The main message I took away was that although none of us can do everything to solve the world’s problems, we can each do something, and something is better than nothing. As Leo Hickman says, “you can’t save the world single-handedly, but you can make more of an effort than you did yesterday.”

I think I have now become more aware of what is meant by ‘ethical living’. If all we do initially is to give a bit more thought to our actions, we’ll be in a better position to have a positive effect on society. I hope I can not only keep that message at the forefront of my mind, but get into the habit of applying it in practical ways. I don’t think this book would have had the same impact on me had I not witnessed first hand someone deliberately living as ethically as they could. For that, I have Fergus to thank. Unfortunately, I can’t tell him about this in person but it’s a comfort to know that he’s left such a positive legacy.

List of books read in 2014

In response to a request from Connie in my last post, this post contains a list of the books I read last year.

Divided into fiction and non fiction, they’re listed in the order that I read them (although I jumped about between fiction and non fiction throughout the year).

Although the oldest non fiction title was published in 1997, about half of the fiction was published before that. The oldest fiction title on the list is Rudyard Kipling’s “Kim”, which was first published in 1901. This edition (below) was printed in 1957 and belonged to my grandmother.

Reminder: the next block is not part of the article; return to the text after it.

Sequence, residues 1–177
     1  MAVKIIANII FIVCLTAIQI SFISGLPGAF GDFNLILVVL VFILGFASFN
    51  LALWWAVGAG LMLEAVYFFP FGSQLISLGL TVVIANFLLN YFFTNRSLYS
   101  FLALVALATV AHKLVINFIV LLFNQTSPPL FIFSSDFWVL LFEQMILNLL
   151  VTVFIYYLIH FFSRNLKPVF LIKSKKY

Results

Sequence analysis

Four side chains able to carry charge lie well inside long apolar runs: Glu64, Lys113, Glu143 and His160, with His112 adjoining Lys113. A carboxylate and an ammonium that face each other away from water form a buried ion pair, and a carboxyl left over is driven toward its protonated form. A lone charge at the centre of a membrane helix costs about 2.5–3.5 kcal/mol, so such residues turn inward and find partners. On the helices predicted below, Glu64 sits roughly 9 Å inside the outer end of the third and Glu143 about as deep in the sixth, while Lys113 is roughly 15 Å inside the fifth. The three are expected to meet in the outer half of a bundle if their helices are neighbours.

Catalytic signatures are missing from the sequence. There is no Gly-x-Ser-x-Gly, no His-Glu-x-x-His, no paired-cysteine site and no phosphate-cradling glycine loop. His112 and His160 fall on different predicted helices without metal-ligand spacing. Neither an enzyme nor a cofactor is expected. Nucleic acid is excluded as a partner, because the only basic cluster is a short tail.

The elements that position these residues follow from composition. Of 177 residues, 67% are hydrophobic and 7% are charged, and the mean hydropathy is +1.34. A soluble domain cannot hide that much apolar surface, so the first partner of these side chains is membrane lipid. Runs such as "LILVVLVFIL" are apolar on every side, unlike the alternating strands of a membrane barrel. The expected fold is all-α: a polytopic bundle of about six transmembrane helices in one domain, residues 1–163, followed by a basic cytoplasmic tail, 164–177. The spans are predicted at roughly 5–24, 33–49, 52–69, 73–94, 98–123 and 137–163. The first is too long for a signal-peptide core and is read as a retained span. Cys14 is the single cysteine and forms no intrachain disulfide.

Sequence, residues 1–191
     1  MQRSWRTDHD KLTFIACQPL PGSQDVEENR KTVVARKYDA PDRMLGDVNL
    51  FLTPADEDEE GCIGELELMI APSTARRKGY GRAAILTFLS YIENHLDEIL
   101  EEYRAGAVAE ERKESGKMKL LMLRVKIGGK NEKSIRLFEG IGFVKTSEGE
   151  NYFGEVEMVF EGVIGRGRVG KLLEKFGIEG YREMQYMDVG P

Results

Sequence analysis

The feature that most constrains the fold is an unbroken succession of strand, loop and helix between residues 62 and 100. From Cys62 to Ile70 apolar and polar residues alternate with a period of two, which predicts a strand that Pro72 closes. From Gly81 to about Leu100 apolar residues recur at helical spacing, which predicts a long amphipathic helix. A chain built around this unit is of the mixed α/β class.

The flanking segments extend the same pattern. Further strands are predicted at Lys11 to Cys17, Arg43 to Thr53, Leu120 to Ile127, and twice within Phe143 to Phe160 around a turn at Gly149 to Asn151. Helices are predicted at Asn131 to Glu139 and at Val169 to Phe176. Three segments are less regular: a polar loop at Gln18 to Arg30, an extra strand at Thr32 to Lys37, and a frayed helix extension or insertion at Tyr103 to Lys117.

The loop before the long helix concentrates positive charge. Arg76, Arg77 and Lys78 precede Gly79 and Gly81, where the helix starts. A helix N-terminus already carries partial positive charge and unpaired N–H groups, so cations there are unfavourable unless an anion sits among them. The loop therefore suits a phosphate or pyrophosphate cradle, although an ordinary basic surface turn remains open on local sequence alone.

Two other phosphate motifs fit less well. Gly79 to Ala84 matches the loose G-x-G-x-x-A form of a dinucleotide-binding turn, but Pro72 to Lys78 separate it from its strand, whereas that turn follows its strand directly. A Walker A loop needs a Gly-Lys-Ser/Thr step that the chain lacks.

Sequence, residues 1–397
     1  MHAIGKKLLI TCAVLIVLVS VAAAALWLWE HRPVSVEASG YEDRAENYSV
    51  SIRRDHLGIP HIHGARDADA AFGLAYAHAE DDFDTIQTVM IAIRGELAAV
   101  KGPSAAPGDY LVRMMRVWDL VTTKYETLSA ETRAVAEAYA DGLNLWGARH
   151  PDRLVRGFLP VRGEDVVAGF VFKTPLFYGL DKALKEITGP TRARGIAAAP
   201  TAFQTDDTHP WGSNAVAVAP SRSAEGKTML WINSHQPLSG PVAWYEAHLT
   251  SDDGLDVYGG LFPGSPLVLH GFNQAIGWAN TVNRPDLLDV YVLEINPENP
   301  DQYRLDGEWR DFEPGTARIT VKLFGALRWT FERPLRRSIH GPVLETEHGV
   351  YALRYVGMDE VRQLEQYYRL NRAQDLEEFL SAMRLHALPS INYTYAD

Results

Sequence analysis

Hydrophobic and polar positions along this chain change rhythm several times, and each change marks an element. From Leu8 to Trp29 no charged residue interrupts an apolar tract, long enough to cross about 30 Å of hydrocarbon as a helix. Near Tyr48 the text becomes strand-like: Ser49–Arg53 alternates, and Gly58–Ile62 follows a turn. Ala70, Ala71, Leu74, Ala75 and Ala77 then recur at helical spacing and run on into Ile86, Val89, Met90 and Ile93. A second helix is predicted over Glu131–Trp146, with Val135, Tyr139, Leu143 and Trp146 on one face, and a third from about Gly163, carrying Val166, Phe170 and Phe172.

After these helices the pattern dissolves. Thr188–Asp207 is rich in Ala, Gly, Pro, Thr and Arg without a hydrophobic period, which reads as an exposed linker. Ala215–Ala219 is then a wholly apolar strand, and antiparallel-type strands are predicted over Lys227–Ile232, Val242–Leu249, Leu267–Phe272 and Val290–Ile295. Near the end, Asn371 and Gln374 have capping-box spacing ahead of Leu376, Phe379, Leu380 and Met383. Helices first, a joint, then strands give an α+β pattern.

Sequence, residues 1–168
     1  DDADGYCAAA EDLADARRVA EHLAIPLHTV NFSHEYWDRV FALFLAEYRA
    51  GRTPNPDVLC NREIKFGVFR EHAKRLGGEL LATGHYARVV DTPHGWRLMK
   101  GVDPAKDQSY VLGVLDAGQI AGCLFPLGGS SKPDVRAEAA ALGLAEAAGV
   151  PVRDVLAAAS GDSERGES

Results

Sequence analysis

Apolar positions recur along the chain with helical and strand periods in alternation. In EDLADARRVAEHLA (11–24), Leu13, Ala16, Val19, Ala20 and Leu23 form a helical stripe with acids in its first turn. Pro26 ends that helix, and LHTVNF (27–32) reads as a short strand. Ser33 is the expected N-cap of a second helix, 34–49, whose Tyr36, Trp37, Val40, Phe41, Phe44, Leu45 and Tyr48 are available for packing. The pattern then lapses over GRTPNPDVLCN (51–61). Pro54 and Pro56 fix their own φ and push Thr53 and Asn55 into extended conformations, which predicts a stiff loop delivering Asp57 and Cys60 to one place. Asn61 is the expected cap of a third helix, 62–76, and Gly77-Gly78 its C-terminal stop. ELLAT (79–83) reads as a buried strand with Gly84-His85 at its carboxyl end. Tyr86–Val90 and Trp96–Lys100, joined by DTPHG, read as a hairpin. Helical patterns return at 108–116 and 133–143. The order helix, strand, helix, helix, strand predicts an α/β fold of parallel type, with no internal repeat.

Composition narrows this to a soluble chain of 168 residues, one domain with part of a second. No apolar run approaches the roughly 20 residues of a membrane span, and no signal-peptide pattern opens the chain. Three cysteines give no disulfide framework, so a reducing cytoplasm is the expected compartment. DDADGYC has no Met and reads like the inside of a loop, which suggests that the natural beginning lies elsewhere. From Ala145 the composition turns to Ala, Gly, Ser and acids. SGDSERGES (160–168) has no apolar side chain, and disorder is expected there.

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It’s probably not very difficult after skimming the list to guess that Agatha Christie is one of my favourite authors. I had previously read all of those on the list, bar one. I’m extremely grateful that she was so prolific, because I can read and re-read her books without returning to the same ones too soon after they were last read. There are 12 of her books on my 2014 list, and I fully anticipate devouring a similar number this year.

One of the best finds for me last year was Eric Ambler (1909-1998), who wrote spy stories. After reading “Cause for alarm”, which I came across by chance in the library, I sought out some others and three of them are on this list. I did start a fourth one that he wrote later in life, but I couldn’t get through it.

Another highlight last year was reading two creations by fellow bloggers, Shona Patel and Annie Oliverio. Shona’s book is a fictional story set in India and Annie’s is a non fiction guide to caring for someone who’s dying. I found both of these books outstandingly well written and compelling.

Fiction

“Hector and the search for happiness” by François Lelord (2002)

“Mutiny on the Bounty” by John Boyne (2008)

“Maskerade” by Terry Pratchett (1995)

“Seven dials” by Anne Perry (2003)

“Murder in the museum” by Simon Brett (2004)

“The curious incident at Claridge’s” by R T Raichev (2010)

“The scheme for full employment” by Magnus Mills (2003)

“A judgement in stone” by Ruth Rendell (1997)